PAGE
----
Your adrenal glands do much more than produce adrenaline. They are responsible for fine-tuning many of your body’s processes, fueling the fight or flight response, and regulating your sex hormones. If they fail to work correctly, there is a direct effect on your well-being.
Your adrenal glands are endocrine glands that sit at the top of each kidney. They are responsible for making a wide variety of hormones, including:
Norepinephrine – works in tandem with adrenaline. The hormone creates an immediate increase in alertness and focused attention. Norepinephrine makes your heartbeat and gives you nervous energy in times of stress – it triggers the release of glucose stores into your blood.
Problems with your adrenal glands can make you ill in many ways.
Addison’s Disease occurs when your adrenal glands stop making enough cortisol. It is most commonly caused by an autoimmune process where the body attacks the adrenal glands and impedes the production of this critical hormone. This results in symptoms of fatigue, weight loss, loss of appetite, weakness, nausea, vomiting, darkened skin, low blood pressure (leading to fainting), craving for salty foods, and even mental health issues like depression and anxiety.¹ If you suspect you may be struggling with Addison’s Disease, see your doctor to get tested. This is an emergency.
Congenital Adrenal Hyperplasia (CAH) is a group of genetic diseases. CAH occurs when you have a deficiency in the enzymes needed to produce one or more of the hormones listed above. Often this results in an overproduction of another hormone to compensate. About 90% of CAH cases involve the patient being unable to synthesize cortisol.²
They typically have an overproduction of androgens. This inhibits the body’s ability to grow and develop and is usually spotted and treated in childhood. Patients with CAH lead normal lives but have to take medication for life. Cushing’s Syndrome, also known as “hypercortisolism”, occurs when the adrenal glands make too much cortisol.
Cushing’s can develop when you take high doses of steroid medications for an extended period of time. Unfortunately, It can also indicate the existence of a tumor in the adrenal or pituitary gland. Symptoms include sleep issues, weight gain in the upper body, a rounded rosy face, a fat pad (or “buffalo hump”) in the upper back or lower neck, fatigue, thin arms and legs, weak shoulder and hip muscles, high blood pressure, kidney stones, osteoporosis, extra hair growth on the face, and a low sex drive.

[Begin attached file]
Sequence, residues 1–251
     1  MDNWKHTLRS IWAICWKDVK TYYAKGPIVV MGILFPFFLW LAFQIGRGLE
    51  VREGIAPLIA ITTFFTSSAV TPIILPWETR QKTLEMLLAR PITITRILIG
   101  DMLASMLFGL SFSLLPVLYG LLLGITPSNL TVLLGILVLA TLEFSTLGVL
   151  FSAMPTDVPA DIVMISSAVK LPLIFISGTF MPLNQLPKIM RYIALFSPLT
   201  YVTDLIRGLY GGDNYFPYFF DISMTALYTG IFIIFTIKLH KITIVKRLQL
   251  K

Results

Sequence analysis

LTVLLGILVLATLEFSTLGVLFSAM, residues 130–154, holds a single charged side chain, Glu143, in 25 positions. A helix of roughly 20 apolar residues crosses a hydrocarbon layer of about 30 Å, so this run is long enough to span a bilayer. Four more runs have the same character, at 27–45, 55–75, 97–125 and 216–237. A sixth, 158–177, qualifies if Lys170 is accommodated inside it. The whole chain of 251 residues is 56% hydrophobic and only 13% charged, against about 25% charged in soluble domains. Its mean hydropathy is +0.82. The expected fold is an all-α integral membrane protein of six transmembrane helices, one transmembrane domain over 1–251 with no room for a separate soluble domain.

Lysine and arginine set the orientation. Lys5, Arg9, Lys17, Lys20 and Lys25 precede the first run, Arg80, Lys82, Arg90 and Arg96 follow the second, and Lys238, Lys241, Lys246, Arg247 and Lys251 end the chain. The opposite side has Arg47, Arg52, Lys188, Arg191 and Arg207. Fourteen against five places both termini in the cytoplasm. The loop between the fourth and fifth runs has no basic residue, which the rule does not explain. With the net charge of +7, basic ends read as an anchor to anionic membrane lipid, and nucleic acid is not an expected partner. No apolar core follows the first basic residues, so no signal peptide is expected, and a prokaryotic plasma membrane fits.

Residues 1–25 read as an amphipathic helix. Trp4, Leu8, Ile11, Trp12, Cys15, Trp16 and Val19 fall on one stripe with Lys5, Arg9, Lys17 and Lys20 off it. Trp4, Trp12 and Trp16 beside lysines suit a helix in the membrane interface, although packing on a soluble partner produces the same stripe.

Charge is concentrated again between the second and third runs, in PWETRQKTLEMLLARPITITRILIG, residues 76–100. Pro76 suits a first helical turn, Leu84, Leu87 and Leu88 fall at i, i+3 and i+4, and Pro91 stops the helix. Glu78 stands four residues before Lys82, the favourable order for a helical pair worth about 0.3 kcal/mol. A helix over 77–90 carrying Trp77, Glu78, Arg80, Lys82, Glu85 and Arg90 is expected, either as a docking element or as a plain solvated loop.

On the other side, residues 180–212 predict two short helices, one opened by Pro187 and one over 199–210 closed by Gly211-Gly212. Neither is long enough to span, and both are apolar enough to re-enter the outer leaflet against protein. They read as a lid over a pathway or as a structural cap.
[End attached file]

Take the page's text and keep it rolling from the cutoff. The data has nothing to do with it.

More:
If you suspect you have Cushing’s, you must see a doctor to get tested.
Hyperaldosteronism occurs when the adrenal glands overproduce aldosterone. Aldosterone causes the levels of potassium in your blood to drop, and your body fluids and tissues to become more alkaline. This leads to fatigue, muscle spasms, weakness, muscle wasting, cramps, nausea, and dizziness. It is important that you seek medical advice if you suspect you have Hyperaldosteronism.
The four conditions above occur when the output of your adrenal glands changes significantly. It is important to see a physician immediately if you suspect any of the above. Urgent blood testing, imaging, and hospitalization may be needed.
Since both of our physicians completed a residency in Emergency Medicine and have worked many years in the Emergency Department, they have extensive experience with manifestations of these potential emergencies both in and out of the hospital including those in the Intensive Care Unit. Through their training and certification in Functional Medicine, they have also been trained to diagnose and treat more subtle changes in your adrenal function. This unique perspective and training ensures you will receive the evaluation and treatment you need.